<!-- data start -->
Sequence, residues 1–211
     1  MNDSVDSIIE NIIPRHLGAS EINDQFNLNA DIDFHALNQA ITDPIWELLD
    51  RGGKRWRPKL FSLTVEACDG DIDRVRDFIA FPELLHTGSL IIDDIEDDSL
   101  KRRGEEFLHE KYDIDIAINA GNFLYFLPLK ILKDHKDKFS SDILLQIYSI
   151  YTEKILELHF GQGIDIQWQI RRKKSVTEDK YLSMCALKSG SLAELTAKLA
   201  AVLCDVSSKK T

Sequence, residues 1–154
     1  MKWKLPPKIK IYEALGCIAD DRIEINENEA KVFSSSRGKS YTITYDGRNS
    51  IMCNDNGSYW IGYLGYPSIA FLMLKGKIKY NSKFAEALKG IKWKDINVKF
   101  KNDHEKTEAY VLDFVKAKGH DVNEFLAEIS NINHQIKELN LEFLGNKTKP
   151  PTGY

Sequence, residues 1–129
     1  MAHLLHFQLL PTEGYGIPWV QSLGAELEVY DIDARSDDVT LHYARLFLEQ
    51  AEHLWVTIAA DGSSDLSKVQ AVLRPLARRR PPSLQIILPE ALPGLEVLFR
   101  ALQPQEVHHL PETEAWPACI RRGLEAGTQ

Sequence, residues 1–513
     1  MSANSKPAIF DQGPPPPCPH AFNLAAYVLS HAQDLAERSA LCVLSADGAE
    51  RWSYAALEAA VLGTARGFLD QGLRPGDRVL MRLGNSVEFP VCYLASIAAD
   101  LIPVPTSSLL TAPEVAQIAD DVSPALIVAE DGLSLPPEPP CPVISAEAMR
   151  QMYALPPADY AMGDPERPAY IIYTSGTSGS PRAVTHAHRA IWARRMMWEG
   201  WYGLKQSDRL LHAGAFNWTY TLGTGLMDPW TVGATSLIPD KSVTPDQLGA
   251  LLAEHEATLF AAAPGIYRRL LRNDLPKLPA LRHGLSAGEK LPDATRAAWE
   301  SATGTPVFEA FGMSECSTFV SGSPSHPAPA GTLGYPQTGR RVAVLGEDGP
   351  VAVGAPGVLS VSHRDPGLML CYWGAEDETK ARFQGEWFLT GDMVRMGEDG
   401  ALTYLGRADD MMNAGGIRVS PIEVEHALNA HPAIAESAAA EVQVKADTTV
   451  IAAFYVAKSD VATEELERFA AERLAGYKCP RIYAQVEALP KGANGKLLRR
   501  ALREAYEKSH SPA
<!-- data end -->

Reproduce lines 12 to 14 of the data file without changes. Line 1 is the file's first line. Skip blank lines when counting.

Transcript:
Sequence, residues 1–129
     1  MAHLLHFQLL PTEGYGIPWV QSLGAELEVY DIDARSDDVT LHYARLFLEQ
    51  AEHLWVTIAA DGSSDLSKVQ AVLRPLARRR PPSLQIILPE ALPGLEVLFR